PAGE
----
You're reading: Travels in a Mathematical World

Maths helps maths graduates get professional jobs

The Destination of Leavers of Higher Education (DLHE, pronounced ‘deli’) survey sends a questionnaire to all UK university graduates six months after graduation and this gives some idea of what happens to students once they graduate. It is flawed, but has a high response rate and is an interesting tool.

There is a second type of DLHE survey, which is longitudinal. This surveys graduates 3.5 years after graduation, and the 2010/11 longitudinal data has just been released. This deserves some investigation and I don’t have time right now, but I did notice a couple of tables that make me proud of my subject.

The first reports the proportions of graduates who are in jobs rated as ‘professional’ and ‘non-professional’. These data are taken from Table 8 of the 2010/11 DLHE longitudinal data set. I’ve chosen all levels (postgrad and undergrad) and ordered the data by percentage in professional jobs (descending). I’ve highlighted mathematical sciences, which includes maths, stats and operational research.

Level of qualification obtained, mode of study and subject area 2010/11 Total professional Total
All levels
Medicine & dentistry 98.8% 1.2%
Veterinary science 92.9% 7.1%
Subjects allied to medicine 92.5% 7.5%
Architecture, building & planning 91.8% 8.2%
Education 87.7% 12.3%
Mathematical sciences 86.5% 13.5%
Computer science 86% 14%
Engineering & technology 84.6% 15.4%
Physical sciences 83.3% 16.7%
Law 81.7% 18.3%
Social studies 79.9% 20.1%
Business & administrative studies 77% 23%
Biological sciences 76.4% 23.6%
Combined 73.5% 26.5%
Languages 72.9% 27.1%
Historical & philosophical studies 72.5% 27.5%
Mass communications & documentation 71.6% 28.4%
Creative arts & design 67.2% 32.8%
Agriculture & related subjects 55.8% 44.2%

The second table is this one showing whether graduates felt the subject they studied was a formal requirement, important or helpful in gaining their current job. These data are from Table 15 of the 2010/11 DLHE longitudinal data set. Again, I’ve chosen all levels and I’ve ordered the table by those that felt their subject was not important (ascending). Again, I’ve highlighted maths.

Importance of the subject studied in 2010/11 in gaining current job.
Level of qualification obtained and subject area 2010/11 Formal requirement’,
‘Important’ or ‘Not very important but helped’
Not important
All levels
Veterinary science 97.3% 2.7%
Medicine & dentistry 96.4% 3.6%
Subjects allied to medicine 93.6% 6.4%
Education 91.7% 8.3%
Architecture, building & planning 87.8% 12.2%
Engineering & technology 87.7% 12.2%
Mathematical sciences 87.5% 12.5%
Computer science 84.7% 15.3%
Law 81.5% 18.5%
Business & administrative studies 81.1% 18.9%
Physical sciences 78.5% 21.5%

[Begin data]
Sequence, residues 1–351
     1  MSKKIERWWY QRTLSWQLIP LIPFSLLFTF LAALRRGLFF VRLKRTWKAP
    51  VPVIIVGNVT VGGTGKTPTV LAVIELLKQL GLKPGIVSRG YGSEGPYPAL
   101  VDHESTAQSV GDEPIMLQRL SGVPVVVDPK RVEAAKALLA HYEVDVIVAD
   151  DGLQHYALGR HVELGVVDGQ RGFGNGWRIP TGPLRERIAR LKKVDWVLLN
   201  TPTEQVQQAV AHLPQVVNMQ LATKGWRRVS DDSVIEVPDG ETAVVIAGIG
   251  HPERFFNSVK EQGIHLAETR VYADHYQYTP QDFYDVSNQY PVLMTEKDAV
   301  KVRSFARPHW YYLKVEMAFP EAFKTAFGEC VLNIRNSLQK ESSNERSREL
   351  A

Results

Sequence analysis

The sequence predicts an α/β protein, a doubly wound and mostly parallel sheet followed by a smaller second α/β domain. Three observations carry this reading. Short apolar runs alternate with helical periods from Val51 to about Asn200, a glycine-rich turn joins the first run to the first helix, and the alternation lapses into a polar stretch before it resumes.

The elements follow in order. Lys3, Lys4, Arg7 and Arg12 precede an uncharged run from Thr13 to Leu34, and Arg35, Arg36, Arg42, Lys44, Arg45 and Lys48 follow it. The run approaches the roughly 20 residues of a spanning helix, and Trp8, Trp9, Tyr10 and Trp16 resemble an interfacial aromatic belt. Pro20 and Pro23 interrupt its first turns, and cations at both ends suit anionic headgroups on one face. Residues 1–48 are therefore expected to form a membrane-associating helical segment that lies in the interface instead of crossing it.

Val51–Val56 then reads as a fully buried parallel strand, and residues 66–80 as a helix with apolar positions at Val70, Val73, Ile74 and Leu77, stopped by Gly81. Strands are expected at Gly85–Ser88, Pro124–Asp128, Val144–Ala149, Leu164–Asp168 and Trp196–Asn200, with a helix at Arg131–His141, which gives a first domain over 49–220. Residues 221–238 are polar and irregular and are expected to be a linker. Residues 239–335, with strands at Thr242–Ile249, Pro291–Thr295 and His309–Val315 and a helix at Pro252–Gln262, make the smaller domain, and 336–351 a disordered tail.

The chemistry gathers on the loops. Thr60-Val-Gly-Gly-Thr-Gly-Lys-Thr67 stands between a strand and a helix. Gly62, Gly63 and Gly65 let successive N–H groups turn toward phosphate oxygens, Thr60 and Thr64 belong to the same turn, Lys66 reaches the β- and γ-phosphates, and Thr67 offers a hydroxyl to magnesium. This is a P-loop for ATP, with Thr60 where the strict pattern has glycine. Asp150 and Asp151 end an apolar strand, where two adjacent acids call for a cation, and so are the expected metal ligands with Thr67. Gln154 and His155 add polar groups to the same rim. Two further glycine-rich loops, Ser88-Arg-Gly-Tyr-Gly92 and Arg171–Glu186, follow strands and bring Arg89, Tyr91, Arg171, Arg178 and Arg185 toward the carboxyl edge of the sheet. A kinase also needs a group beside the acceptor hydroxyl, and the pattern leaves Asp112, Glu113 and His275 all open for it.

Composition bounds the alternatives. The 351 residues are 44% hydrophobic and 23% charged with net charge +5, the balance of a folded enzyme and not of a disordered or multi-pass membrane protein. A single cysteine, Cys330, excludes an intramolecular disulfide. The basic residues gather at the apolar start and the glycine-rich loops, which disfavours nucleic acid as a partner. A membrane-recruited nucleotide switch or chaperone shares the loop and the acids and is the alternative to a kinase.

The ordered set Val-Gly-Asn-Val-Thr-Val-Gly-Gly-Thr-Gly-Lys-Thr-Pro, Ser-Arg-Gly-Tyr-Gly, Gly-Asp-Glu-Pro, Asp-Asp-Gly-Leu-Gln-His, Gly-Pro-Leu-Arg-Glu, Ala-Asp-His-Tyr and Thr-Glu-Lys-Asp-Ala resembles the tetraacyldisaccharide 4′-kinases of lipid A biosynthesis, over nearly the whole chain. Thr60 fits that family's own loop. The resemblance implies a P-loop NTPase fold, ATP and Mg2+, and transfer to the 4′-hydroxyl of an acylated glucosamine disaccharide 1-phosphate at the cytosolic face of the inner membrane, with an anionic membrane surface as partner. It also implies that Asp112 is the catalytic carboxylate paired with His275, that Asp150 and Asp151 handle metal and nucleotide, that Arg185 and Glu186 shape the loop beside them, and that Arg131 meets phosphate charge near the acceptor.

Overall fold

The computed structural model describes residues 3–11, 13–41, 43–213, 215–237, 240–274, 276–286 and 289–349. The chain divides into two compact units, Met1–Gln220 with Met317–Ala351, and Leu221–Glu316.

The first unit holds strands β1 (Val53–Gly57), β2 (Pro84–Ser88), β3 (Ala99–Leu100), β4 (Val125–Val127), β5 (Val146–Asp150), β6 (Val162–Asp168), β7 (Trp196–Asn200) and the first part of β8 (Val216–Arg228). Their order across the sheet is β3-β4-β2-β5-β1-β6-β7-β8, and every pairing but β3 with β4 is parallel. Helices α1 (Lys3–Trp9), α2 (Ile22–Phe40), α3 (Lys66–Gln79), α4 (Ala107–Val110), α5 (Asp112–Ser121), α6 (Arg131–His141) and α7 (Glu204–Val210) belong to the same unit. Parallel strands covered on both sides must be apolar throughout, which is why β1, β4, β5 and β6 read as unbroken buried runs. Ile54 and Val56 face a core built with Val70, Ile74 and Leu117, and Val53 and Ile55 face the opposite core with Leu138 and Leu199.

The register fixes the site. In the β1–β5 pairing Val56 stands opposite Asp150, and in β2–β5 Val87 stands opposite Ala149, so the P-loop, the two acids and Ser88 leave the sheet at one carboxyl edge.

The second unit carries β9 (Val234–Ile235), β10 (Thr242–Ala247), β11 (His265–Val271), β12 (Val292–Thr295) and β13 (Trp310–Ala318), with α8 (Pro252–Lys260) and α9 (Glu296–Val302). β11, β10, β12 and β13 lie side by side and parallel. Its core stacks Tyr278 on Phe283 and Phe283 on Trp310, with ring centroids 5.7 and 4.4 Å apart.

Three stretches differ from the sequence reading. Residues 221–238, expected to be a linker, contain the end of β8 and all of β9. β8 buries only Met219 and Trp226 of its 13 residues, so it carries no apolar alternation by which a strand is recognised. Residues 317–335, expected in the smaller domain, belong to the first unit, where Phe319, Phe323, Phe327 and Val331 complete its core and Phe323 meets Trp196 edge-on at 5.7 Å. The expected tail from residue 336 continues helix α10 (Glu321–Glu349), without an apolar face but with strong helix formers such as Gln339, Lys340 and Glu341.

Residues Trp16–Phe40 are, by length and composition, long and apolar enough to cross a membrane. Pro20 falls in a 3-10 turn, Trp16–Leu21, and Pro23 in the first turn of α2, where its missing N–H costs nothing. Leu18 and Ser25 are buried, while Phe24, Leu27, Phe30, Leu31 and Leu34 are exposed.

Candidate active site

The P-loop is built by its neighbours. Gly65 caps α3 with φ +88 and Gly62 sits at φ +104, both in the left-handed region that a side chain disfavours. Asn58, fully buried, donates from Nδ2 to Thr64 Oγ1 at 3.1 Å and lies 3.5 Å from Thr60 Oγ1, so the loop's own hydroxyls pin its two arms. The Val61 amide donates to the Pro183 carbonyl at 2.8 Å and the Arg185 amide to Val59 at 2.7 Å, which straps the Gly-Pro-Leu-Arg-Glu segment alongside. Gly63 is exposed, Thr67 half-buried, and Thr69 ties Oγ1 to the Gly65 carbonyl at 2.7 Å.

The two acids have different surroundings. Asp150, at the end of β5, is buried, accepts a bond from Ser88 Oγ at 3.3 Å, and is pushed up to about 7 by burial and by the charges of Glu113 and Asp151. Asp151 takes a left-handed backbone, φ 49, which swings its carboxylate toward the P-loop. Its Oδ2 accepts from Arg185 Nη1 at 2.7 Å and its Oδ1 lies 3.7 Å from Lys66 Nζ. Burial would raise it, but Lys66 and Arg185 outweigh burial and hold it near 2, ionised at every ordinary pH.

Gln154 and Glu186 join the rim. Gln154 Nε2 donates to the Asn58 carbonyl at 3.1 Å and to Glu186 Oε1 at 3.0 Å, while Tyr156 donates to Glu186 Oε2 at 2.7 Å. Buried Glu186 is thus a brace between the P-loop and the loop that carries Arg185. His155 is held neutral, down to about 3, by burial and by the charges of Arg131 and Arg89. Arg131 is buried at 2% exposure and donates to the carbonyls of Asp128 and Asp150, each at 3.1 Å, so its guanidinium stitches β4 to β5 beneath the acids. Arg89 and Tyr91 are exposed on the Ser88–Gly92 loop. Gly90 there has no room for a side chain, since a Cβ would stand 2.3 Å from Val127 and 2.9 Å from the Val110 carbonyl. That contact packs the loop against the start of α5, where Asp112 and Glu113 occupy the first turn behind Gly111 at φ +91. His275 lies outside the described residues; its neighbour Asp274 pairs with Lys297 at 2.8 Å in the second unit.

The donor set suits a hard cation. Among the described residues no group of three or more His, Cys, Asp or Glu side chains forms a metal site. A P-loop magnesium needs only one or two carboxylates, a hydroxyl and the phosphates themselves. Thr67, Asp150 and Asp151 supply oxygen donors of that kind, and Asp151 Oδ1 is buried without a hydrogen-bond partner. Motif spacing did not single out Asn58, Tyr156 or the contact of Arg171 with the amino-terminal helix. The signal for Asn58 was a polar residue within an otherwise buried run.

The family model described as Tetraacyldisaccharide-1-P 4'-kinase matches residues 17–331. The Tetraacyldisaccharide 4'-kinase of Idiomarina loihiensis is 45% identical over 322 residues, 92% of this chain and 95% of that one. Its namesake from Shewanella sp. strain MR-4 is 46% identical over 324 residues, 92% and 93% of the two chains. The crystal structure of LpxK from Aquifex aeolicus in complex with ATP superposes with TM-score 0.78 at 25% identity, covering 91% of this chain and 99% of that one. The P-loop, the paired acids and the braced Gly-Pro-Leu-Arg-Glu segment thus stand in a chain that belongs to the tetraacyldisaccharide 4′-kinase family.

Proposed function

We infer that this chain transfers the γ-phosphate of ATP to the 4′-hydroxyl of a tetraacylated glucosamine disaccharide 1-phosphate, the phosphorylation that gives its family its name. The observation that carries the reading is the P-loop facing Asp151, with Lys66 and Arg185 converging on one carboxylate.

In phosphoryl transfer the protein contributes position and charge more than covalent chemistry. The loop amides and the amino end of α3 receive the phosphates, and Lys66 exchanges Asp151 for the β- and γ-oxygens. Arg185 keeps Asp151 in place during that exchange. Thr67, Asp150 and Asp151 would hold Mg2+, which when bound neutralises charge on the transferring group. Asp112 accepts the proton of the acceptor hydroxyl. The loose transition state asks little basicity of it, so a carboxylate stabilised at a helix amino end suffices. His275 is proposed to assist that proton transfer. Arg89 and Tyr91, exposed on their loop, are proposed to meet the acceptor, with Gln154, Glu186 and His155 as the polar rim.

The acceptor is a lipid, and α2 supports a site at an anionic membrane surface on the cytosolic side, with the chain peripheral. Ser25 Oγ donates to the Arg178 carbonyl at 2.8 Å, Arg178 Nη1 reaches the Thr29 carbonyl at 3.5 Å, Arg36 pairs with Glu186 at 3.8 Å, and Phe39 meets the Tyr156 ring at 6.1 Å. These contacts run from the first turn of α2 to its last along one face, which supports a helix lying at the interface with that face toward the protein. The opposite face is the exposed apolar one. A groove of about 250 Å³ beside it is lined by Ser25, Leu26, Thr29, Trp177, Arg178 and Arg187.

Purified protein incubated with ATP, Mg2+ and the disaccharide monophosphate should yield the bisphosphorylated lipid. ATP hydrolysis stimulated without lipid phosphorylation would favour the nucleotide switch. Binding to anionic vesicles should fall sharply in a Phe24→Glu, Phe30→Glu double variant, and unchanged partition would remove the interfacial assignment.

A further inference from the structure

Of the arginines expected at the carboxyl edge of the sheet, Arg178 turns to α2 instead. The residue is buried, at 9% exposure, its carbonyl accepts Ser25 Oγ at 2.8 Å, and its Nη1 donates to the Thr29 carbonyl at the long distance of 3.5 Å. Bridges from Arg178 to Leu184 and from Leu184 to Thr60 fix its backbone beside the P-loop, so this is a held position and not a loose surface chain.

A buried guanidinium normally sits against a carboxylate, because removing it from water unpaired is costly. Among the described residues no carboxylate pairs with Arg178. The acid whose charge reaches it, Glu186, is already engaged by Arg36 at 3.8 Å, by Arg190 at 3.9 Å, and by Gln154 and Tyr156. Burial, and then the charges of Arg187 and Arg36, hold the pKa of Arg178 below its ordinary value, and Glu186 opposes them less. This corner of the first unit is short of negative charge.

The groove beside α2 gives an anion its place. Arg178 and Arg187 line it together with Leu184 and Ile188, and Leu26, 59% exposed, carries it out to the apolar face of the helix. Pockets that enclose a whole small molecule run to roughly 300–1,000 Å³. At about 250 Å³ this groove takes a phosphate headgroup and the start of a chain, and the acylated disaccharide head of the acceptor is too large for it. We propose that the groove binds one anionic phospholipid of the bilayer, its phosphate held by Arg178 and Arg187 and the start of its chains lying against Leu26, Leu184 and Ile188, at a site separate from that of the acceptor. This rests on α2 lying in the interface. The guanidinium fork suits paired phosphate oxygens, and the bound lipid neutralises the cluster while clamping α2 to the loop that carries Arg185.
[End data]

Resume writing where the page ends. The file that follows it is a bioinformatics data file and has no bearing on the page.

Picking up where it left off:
Social studies 77.1% 22.9%
Biological sciences 76.8% 23.2%
Agriculture & related subjects 75.9% 24.1%
Mass communications & documentation 73.2% 26.8%
Creative arts & design 70.7% 29.2%
Combined 68.7% 31.3%
Languages 68.6% 31.3%
Historical & philosophical studies 57.8% 42.2%

Looking at these tables fairly naively, I’d say there are some subjects represented which are really a profession for which you require a degree (medicine, education, architecture, engineering, law). A student might decide before coming to university “I want to be a doctor” and then take medicine. That’s okay, provided you know at that stage what you want to do with your life (I didn’t). Clearly not everyone who takes these subjects goes into the associated profession, but it is reasonable to expect a large number to do so, and therefore a high proportion in professional jobs.

Then there are subjects that I guess are aligned to a job sector, but less closely to a particular job. I’d put Physical sciences, Biological sciences and Computer science into this category. I suppose we’d expect a moderate number to progress from these into the associated job sectors, but many to go into more general employment.

Finally, there are subjects that are extensions of subjects done in school that I imagine are taken out of interest or ability in the subject, but which don’t align to a particular job or job sector. Here is where I’d put maths. We might expect that these students have less of a specific job goal in mind, so may end up further down the tables. And this is why I am proud of maths — as we tend to tell applicants, maths leads to lots of different jobs, and graduates 3.5 years into their career seem to be doing very well. I’d say maths is the top subject not aligned to a particular profession on both proportion in a professional job and proportion saying the subject was helpful or important in gaining their current job.

Well, I think it’s interesting, anyway. Kids: choose maths! ;)

Leave a Reply

  • (will not be published)

$\LaTeX$: You can use LaTeX in your comments. e.g. $ e^{\pi i} $ for inline maths; \[ e^{\pi i} \] for display-mode (on its own line) maths.

XHTML: You can use these tags: <a href="" title=""> <abbr title=""> <acronym title=""> <b> <blockquote cite=""> <cite> <code> <del datetime=""> <em> <i> <q cite=""> <s> <strike> <strong>